Friday, December 23, 2011

8 comments TMQ: Not a Merry Christmas to Gregg Easterbrook's Readers

Before I get to TMQ this week, I wanted to give a brief plug for a new blog that is up and running. It is called Suite Sports. Two years ago I had an idea about a blog which basically connected a group of blogs together into one site. I never acted on this idea because I am lazy and wasn't sure how to effectively execute the idea, but Suite Sports is sort of that set-up and I think it is a great idea. I don't normally pimp too much stuff I get emailed about pimping, but I thought this site had promise and wanted to give it a shout-out. Now I will proceed to ruin Christmas with a review of this week's TMQ.

Last week in TMQ, as he is want to do, Gregg Easterbrook talked about Broncos QB and poorly dissected why he is a successful NFL quarterback. Also, Gregg explained (yet again) the key to the Packers' success is the five tight ends on the roster. This week Gregg points out the drawback to having five tight ends on the roster. Though, in typical Easterbrook fashion, he isn't aware he is pointing out a drawback. Not only should the Packers keep five tight ends on the roster to ensure success, but they also need more defensive linemen in order to be successful in the future. I am guessing Gregg isn't aware their is a roster limit in the NFL. What's weird about Gregg criticizing the Packers defense is Gregg has stated several times before part of the Packers' strength on defense is their "Times Square defense" where the offensive line doesn't know where the defenders are coming from. More defensive linemen on the roster would potentially cut down on the effectiveness of this defense since defensive linemen traditionally aren't the most mobile of defenders. Regardless, let's get to some contradictions and horseshit excuses for why Gregg is wrong.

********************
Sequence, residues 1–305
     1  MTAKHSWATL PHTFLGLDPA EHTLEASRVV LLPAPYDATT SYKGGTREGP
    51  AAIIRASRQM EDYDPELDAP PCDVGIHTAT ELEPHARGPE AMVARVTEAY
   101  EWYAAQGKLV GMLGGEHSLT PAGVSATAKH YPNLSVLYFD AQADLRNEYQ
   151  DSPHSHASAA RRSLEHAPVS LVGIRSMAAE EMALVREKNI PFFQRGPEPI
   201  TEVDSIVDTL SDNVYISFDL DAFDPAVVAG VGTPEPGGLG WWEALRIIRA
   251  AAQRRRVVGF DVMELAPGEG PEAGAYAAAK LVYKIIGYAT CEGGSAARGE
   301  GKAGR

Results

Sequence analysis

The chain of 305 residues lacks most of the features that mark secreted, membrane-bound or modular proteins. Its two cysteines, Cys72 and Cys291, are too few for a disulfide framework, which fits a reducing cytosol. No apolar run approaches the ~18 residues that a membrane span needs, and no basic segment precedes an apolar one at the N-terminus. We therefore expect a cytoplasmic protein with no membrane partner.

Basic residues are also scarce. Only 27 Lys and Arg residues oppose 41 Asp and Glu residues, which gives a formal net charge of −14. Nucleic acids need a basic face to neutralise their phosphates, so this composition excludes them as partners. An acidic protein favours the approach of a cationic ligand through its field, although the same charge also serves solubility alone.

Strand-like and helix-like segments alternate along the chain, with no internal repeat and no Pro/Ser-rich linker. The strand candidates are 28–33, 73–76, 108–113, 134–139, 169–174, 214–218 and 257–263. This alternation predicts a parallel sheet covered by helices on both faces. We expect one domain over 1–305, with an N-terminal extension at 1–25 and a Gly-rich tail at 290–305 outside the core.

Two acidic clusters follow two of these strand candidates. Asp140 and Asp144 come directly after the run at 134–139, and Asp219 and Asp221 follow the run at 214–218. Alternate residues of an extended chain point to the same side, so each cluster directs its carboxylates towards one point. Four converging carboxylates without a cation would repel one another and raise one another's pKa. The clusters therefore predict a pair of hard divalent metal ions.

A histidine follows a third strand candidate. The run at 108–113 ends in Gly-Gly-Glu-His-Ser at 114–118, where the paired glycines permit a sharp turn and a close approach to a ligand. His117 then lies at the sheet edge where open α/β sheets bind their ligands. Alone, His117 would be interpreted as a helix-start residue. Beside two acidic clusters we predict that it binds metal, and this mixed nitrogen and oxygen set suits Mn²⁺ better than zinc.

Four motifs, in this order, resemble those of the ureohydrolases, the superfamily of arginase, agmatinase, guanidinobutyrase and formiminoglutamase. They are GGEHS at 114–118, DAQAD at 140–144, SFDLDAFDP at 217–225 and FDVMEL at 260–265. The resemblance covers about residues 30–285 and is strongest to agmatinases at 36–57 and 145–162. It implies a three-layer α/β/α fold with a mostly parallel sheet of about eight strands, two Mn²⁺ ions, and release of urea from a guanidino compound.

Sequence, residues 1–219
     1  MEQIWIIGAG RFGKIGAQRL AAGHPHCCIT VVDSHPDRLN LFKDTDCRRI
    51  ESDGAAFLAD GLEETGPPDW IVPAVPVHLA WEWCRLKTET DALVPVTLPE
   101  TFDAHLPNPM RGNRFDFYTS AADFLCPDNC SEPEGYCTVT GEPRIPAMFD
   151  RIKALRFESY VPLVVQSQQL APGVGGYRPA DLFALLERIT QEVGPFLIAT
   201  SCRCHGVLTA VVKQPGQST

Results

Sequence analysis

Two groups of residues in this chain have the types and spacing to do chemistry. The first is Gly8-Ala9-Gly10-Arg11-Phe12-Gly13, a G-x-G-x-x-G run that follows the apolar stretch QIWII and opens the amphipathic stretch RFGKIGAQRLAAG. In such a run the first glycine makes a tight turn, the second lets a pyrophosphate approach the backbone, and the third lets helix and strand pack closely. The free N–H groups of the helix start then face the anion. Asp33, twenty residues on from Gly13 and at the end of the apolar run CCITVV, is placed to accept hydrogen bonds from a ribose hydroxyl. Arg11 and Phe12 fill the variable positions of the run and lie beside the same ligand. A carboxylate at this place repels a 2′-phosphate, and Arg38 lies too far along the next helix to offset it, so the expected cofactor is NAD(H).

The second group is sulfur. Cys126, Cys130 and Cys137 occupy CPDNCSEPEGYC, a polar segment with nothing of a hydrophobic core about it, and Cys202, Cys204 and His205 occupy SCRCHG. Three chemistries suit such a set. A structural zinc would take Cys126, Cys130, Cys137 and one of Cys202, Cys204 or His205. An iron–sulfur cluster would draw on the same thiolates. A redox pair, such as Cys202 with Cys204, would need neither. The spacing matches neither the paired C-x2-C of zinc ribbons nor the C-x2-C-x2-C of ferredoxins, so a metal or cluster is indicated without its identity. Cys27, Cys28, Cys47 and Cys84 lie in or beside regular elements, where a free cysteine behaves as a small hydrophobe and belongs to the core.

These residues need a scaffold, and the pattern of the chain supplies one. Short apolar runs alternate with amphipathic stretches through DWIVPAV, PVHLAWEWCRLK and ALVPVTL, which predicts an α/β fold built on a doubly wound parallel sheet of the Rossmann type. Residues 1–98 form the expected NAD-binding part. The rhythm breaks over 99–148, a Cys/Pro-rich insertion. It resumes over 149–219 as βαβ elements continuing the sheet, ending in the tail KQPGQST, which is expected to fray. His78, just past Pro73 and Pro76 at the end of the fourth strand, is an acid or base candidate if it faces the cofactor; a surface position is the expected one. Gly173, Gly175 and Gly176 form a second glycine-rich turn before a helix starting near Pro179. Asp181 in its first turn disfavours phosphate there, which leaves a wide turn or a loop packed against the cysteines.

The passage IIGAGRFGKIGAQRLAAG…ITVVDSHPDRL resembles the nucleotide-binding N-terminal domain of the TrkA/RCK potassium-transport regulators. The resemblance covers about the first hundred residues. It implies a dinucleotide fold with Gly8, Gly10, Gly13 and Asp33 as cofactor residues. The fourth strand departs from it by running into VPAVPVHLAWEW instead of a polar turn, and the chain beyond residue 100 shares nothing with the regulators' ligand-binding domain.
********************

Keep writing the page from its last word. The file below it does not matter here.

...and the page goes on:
The question has been out there for generations: Why would anyone want a partridge in a pear tree for Christmas?

No one cares. Why would anyone want to read TMQ on a weekly basis? No one knows, and yet here we are reading it again.

Now if the nine ladies dancing are NFL cheerleaders, no further explanation is required.

You are a creepy, middle-aged pervert. Keep your bizarre sexual fetishes to yourself.

Which got me to thinking about what the lyrics would be if football were substituted. The result is the song and video here --

I will not click on that link. It is a hired-out group singing the 12 days of Christmas for the NFL. Gregg is so hard up for football-related material he is now producing songs and putting them in TMQ. This brings me to the point that I rarely know or understand exactly what Gregg is going for in writing TMQ. I think he wants to be a quirky, yet informative-to-the-reader casual observer of the NFL. This isn't how he comes off though. He comes off as a pervy, uneducated critic of NFL teams and coaches who works too hard to second-guess what goes on during a football game. He reminds me of my a person who is a casual fan of a sport who doesn't understand why the simple observations he makes aren't accurate or helpful.